Or the type of an element:

$ pk -t keywords[0]
string

If a field doesn't exist, undefined will be printed:

$ pk -t license
undefined

Minify a json file

There's no magic! It just uses native JSON module without padding.

original.json:

{
    "name": "Alex"
    "city": "Stockholm"
}

Minify it and show the output:

$ pk -i original.json -m
{"name":"Alex","city":"Stockholm"}

Write the output to a file:

$ pk -i original.json -m > original.min.json

Prettify a minified or badly formatted JSON

original.json:

{"name": "Alex"
    "city": "Stockholm",      "keywords": ["javascript", "golang",
"vuejs"]
}

Show it pretty on screen:

$ pk -i original.json -j
{
    "name": "Alex"
    "city": "Stockholm",
    "keywords": [
        "javascript",
        "golang",
        "vuejs"
    ]
}

If the output is too big you may wanna browse it on the terminal:

$ pk -i original.json -j | less

Or just write it to a file:

$ pk -i original.json -j > original-prettified.json

Even overwrite the original file:

$ pk -i original.json -j > original.json

Count the number of devDependencies

package.json:

{
    "devDependencies": {
         "mocha": "*",
         "babel": "*",
         "micromustache": "*",
         "webpack": "*",
    }
}
$ pk devDependencies -c
4

package-lock.json is nutorious!

$ pk -i package-lock.json dependencies -c
2739

If you're referring to an array, it'll return the size of the array:

$ pk -c keywords
3

Get part of a JSON file

package.json:

{
    ...
    "repository": {
        "type": "git",
        "url": "git+https://github.com/userpixel/pk.git"
    }
}

Get the value of the repository:

$ pk -j repository
{
  "type": "git",
  "url": "git+https://github.com/userpixel/pk.git"
}

Working with versions

package.json:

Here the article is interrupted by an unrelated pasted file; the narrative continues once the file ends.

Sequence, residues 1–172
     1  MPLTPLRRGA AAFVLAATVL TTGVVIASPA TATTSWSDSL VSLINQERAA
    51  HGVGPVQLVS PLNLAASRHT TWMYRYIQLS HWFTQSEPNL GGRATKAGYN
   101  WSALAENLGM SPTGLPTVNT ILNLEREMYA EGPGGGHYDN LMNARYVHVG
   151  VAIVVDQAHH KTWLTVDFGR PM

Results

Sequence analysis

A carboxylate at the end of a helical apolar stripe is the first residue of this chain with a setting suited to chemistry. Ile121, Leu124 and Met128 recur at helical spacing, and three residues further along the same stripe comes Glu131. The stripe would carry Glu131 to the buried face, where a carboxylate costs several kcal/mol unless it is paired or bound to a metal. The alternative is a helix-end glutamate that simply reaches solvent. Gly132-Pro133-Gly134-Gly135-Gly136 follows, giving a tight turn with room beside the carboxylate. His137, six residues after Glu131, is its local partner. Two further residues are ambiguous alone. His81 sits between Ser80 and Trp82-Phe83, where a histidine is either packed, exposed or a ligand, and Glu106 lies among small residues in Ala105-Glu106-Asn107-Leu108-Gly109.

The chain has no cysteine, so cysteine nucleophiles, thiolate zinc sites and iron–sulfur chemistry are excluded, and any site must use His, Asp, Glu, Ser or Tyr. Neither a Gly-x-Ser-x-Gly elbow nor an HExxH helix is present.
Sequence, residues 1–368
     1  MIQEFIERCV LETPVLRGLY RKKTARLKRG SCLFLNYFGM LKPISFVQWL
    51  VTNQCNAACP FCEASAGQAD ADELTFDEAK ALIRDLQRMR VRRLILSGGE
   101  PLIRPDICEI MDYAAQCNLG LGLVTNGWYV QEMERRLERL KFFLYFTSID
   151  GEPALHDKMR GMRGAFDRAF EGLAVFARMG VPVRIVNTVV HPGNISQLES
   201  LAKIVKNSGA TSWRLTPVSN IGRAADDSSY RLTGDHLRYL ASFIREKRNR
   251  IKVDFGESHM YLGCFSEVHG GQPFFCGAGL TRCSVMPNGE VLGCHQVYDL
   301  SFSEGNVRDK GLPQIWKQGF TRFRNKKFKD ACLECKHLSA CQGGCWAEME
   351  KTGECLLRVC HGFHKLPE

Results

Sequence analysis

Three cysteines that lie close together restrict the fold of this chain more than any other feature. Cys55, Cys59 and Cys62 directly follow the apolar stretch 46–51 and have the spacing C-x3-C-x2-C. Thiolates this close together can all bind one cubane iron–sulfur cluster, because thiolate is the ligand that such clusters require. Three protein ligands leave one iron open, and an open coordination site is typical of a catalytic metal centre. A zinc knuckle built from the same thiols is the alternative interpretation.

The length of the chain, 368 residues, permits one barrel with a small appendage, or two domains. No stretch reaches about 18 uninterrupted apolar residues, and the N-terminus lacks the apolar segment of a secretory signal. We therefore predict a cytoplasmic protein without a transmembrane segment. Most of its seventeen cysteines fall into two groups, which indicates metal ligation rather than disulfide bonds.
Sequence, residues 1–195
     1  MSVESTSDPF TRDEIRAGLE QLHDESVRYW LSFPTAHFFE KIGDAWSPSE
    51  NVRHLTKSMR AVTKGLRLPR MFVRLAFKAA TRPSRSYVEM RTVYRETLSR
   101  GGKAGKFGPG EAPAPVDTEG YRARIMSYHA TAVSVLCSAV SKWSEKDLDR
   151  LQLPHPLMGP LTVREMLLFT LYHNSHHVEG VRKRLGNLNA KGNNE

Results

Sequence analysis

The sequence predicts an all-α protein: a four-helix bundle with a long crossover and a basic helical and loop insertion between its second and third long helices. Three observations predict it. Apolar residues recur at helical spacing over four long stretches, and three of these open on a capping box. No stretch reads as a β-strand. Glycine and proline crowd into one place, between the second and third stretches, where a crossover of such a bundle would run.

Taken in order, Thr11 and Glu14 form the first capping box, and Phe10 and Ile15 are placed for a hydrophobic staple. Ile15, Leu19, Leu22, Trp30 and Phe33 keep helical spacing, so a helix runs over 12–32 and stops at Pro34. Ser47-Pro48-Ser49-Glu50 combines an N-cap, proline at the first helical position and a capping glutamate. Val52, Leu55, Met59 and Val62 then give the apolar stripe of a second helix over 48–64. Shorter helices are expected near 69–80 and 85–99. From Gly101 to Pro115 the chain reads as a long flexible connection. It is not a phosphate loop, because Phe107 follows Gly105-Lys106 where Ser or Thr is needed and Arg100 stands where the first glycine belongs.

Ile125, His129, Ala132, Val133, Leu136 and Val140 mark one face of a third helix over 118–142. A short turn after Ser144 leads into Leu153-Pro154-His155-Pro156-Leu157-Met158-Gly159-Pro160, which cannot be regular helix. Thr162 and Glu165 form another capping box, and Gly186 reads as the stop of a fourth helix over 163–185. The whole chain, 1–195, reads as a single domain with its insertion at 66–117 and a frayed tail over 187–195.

{
    "version": "1.2.3"
}

Just get the version string:

$ pk version
1.2.3

Parse it as semver:

$ pk -s version
major   1
minor   2
patch   3

You can actually omit "version" part if that's where it is:

$ pk -s
major   1
minor   2
patch   3

Yep you can get it in JSON format if you want:

$ pk -s version
{
  "major": 0,
  "minor": 2,
  "patch": 4
}

It understands watever semver can parse. So if the version was "4.3.2-beta.2+build1000"

$ pk -s
major   4
minor   3
patch   2
build   ["build1000"]
prerelease  ["beta",2]

Command Substitution

pk is ideal for CI/CD scripts and that was the original motivation for its creation. For example if you want to compress the current directory and version it you can:

$ zip -r `pk name`-`pk version`.zip .

This will zip the current directory to a file that is name NAME-VERSION.zip where NAME and VERSION in the file name come from "name" and "version" fields in the local package.json.

More

There's more. See the help for the command reference

$ pk --help`.

Update

# Check the version
$ pk --version

# Check if there's a new version
$ npm outdated -g pk

# Update it if needed
$ npm i -g pk@latest`

Uninstall

$ npm un -g pk

License

MIT

Made in Sweden by @alexewerlof